In just 10-minute units, you can get out of that afternoon slump and start feeling better. Of course, check with your doctor to see what level and intensity of exercise is most appropriate for you. And don’t forget to cool down, and have a large glass of water after any physical exertion.
Here’s how it’s done. Health experts say we need to get 150 minutes or two-and-a-half hours of moderately intense exercise every week. That amounts to about 20 minutes a day. Why not try out some of the following, as recommended by the Harvard Women’s Health Watch? Or be creative, and line up your own favorite brief calorie burners. Keep in mind that some exercises require longer periods of time to gain the benefits.
1. Plant a garden (Calories burned in 10 minutes: 40 to 55). Digging, hoeing, weeding and carrying tools from house to garden really do burn calories. Also, consider this. It not only works the muscles and lifts the spirits, but a garden of fresh vegetables can provide the added benefit of promoting a healthy diet.
2. Walk the dog (Calories burned in 10 minutes: 40 to 50). Dogs make great exercise buddies, and dog owners are far more likely to meet the government’s physical activity recommendation than those who don’t have a dog. To gain maximum benefit, let your pet finish his “business,” before you start your exercise clock. And don’t forget: keep up a brisk pace to get the most out of dog walking.
3. Clean house (Calories burned in 10 minutes: 45 to 50). Housework may not be your idea of exercise, but you’d be surprised how using old-fashioned elbow grease can help you get fitter. Put aside the mechanical aids and go for the broom and mop. When washing the dishes, you can stand on one leg—then the other—to improve your balance. When you breathe deeply along with the exercise, you gain the additional benefit of relaxation.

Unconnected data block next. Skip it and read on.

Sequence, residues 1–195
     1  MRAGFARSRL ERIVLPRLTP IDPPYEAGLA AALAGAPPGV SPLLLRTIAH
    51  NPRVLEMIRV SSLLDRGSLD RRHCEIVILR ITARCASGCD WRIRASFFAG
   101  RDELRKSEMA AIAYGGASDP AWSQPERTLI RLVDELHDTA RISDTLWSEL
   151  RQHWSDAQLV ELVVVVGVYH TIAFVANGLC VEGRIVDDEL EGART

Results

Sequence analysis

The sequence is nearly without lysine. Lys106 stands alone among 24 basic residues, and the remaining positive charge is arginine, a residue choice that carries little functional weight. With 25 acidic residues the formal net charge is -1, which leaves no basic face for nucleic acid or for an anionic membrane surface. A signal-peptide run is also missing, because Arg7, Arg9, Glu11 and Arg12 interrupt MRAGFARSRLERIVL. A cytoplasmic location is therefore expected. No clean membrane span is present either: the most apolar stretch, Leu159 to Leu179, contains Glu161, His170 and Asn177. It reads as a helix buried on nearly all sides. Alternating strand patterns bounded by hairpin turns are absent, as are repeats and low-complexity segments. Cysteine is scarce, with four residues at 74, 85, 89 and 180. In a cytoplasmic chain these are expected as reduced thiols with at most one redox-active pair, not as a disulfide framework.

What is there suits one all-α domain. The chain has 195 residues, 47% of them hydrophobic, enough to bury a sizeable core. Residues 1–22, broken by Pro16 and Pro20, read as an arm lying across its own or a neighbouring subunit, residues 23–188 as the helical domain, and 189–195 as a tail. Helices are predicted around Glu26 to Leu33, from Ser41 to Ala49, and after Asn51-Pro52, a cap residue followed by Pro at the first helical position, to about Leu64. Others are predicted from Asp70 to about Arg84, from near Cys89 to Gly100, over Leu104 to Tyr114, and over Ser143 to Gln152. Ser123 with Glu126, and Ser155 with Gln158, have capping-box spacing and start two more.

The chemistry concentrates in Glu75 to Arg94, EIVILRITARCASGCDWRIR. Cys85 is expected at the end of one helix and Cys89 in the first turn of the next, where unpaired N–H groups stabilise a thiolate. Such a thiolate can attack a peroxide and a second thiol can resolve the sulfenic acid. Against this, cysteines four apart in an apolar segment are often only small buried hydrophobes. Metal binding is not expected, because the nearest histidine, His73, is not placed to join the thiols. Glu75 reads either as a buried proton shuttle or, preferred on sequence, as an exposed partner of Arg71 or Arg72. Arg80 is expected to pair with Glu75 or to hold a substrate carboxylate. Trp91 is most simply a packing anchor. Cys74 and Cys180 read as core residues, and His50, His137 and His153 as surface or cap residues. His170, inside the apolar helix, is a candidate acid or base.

4. Play with the children or grandchildren (Calories burned in 10 minutes: 40 to 60). Instead of passively reading a story or sitting on a park bench, try playing right along with the kids. Hide-and-seek, playing ball, pushing them on a swing and bustling around the park can be a bright spot in everyone’s day and get your heart rate going.
5. Walk the neighborhood (Calories burned in 10 minutes: 40 to 50). Nothing suits a busy caregiver better than moving outside for fresh air and sunshine. I guarantee it. You’ll feel rejuvenated and reinvigorated. You might want to plug in some music to give you an extra boost as you circle around your familiar territory.
6. Practice Yoga (Calories burned depend on the person and type of yoga; count on at least 100-plus per hour). When you talk with your friend about her yoga workout, she’ll rarely discuss weight loss or calorie burn. People flock to yoga for its mind/ body connection, the sense of oneness and ease you feel. It teaches us to listen to our bodies and naturally avoid unhealthy behaviors. That should be recommendation enough. Yoga need not be your sole means of exercise, though. If you have the time and motivation, try cycling, running or vigorous dancing. These burn a lot more calories per hour compared to yoga.
7. Swimming (Calories for one hour of laps: 476). If you can find a longer stretch of time during your day, you’ll discover swimming in your local pool to be an ideal exercise. It’s easy on the joints, strengthens your lungs and serves as a full-body, aerobic workout. What’s more, swimming is calming, counters daily stress and is especially refreshing during the warmer months of the year.
No matter your age, exercise helps keep your weight down and maintain good cardiovascular health.
Other reasons why you should get off the couch and try regular exercise include: (1) better overall health, (2) improved mood and (3) stronger bones. For older adults in particular, regular exercise reduces the risk of cognitive impairment and falling. If you can’t get out of the house or spend time away from your loved one, an exercise bike or mini stepper could be a lifesaver.
Start with those first steps: Get yourself in gear, and then stick with it!
Excerpt from The ABCs of Caregiving, Part 2: Essential Information for You and Your Family, available in paperback and Kindle on Amazon.com.